Being honest means you need to be candid with yourself. Do you need a year of support where the developer will log into your box and fix things? If you’re me, probably not. But you may be new to WordPress and that’s important to you. I’m generally happy without any tech support, as long as I can contact them and let them know about bugs. On the other hand, I know there are themes that I want to use that absolutely need to support ecommerce solutions out of the box. After all, I’m using it on an ecommerce site!

Know Who and What You’re Using It For

What is the site for? In order to be honest with yourself, you’ll need to be clear on what you’re trying to do with the website. Is it a blog or a community site or a collection of news? You can’t pick the right theme if you don’t know what you want things to look like. Do you need a static front page? Do you need to show a featured post and then a slider? Do you really need that slider?

This means you need to also understand your audience. Know the skillset of your audience and their abilities. If you’re aiming at children, make the site accessible to children and keep the flashing distractions to a minimum. If you’re trying to make a site for people over 80, consider how many of them have vision issues.

Also pay attention to how people use your site. I’m a “mobile-first” believer and think that most, if not all, themes should just work on mobile sites, out of the box, done and done. Check out the theme on your mobile phone. Check it on a tablet. You won’t be able to test on every device on the planet, but make sure it works on Android and iPhones and you should be okay.

But what if the majority of your visitors are using flip phones? If you’re designing a site for them, for people who have terrible connections and poor, old, devices, make 100% sure that the site will work for them! If you have to make a text-only version, so be it!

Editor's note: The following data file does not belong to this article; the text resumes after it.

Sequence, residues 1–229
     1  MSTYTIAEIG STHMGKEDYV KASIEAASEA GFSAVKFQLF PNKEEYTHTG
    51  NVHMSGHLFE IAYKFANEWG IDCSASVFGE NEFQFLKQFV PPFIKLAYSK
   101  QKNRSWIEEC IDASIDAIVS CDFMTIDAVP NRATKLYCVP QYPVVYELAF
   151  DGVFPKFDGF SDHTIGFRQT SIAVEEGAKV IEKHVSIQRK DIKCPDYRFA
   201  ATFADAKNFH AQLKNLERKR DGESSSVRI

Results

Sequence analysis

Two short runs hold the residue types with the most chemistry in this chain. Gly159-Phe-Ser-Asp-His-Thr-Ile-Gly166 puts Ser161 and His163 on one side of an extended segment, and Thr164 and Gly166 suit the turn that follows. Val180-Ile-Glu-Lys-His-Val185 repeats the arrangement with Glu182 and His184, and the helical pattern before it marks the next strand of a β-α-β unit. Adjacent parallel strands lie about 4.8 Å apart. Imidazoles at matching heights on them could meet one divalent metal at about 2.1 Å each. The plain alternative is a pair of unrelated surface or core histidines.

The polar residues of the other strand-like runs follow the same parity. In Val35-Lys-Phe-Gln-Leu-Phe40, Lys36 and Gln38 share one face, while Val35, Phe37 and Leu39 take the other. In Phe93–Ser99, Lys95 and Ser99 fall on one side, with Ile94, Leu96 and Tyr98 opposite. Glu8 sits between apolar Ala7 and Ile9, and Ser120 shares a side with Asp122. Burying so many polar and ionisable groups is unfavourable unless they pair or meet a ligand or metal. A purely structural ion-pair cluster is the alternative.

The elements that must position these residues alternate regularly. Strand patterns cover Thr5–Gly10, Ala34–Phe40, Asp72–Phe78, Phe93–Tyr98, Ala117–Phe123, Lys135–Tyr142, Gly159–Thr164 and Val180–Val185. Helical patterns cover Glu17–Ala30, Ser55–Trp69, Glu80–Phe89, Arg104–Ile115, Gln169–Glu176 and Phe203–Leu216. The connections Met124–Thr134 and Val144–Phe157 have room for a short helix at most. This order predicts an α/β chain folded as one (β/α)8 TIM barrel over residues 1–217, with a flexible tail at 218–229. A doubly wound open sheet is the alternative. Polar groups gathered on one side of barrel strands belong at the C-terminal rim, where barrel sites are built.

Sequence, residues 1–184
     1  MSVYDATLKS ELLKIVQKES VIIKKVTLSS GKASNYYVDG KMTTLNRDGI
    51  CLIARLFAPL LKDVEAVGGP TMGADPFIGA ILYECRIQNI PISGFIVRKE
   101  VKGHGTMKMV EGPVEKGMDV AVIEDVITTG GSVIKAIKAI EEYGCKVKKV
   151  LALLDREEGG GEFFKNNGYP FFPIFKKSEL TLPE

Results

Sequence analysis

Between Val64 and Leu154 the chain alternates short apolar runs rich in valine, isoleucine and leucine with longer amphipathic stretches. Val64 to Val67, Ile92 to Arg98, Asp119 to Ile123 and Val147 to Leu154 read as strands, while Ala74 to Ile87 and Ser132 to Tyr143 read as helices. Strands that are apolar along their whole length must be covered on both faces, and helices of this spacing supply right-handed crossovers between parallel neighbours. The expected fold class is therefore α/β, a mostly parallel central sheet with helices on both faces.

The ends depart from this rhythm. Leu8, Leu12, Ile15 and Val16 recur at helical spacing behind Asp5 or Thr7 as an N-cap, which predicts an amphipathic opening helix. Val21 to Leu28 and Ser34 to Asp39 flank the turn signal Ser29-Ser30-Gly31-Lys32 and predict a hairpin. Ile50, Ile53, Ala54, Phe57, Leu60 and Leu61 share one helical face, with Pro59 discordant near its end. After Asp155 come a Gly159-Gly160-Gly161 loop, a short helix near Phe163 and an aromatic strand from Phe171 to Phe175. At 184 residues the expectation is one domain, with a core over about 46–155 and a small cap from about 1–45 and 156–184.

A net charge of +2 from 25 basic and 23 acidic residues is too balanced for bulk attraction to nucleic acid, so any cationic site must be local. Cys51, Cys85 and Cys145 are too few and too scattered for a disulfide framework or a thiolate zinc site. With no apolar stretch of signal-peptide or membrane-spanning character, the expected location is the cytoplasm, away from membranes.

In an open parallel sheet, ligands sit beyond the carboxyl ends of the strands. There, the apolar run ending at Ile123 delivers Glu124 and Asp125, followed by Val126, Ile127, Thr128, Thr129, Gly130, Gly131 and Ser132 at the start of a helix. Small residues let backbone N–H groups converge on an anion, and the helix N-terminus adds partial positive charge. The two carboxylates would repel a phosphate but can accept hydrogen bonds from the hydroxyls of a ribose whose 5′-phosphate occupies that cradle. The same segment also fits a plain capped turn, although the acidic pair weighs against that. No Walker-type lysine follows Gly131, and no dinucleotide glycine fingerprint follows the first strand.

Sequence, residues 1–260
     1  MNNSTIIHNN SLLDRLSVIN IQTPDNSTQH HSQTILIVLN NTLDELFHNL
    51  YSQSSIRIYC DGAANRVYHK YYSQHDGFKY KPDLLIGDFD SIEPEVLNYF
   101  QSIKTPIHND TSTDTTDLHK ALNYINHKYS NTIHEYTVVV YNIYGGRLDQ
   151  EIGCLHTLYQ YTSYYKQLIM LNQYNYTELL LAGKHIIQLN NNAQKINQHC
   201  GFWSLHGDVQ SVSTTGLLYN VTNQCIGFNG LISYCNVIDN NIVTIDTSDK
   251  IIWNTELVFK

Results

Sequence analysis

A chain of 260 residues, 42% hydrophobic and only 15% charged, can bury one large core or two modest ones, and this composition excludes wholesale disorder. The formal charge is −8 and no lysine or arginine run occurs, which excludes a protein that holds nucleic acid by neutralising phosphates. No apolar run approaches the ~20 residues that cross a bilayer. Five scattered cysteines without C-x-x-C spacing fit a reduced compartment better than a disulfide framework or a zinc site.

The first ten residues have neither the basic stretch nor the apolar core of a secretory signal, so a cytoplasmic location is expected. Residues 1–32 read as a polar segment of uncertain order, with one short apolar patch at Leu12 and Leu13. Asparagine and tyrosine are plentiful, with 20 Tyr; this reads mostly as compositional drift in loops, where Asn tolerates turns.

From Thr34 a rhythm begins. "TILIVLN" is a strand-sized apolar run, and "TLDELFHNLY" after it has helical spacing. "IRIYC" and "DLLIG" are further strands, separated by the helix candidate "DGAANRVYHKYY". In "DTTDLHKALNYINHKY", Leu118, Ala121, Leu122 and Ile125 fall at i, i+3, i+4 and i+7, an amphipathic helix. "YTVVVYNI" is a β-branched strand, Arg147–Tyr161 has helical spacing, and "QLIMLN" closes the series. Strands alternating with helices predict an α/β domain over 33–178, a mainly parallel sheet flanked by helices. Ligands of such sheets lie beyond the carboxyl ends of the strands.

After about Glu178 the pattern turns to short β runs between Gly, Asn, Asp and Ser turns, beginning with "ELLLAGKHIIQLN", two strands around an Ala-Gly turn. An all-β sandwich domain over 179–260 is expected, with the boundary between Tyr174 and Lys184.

Where Can I Get Good Themes?

Every single theme on WordPress.org is checked when it’s submitted. They’re exceptionally good about it. Most themes there are safe as houses to use. And they’re free.

But if you’re looking for professional themes, I’m a huge fan of the Genesis Framework by StudioPress. It’s more expensive than some theme shops, but I refuse to compromise for security. These themes are tight.

Another good theme shop is Theme Hybrid by Justin Tadlock. I learned everything I know about themes from him. The themes are free, and support is only $20 a year.

WooCommerce has WooThemes, obviously geared to people using WooCommerce. Some themes are free, others are not, but they know what they’re writing for.

Need a custom theme? My friends at YIKES Inc. do bespoke work for that. Of course bespoke work comes at a price, and while that may be outside your budget, consider that your website is as much advertising as information. A good website brings all the milkshakes to the yard.

Go Get That Theme!

I hope this gets you started on figuring out what kind of theme is right for you. Remember, when you’re designing, it’s okay to throw away things that don’t work. A hallmark of a good WordPress theme is that changing from it to any other theme doesn’t lose your data. Start with those free themes, swap back and forth until you get one that feels right, and don’t be afraid to make mistakes.

Good luck!
DreamHost offers One-Click Installations for WordPress at no extra charge! Learn more about our Web Hosting at DreamHost.com. Have questions? Hit up our support team on Twitter!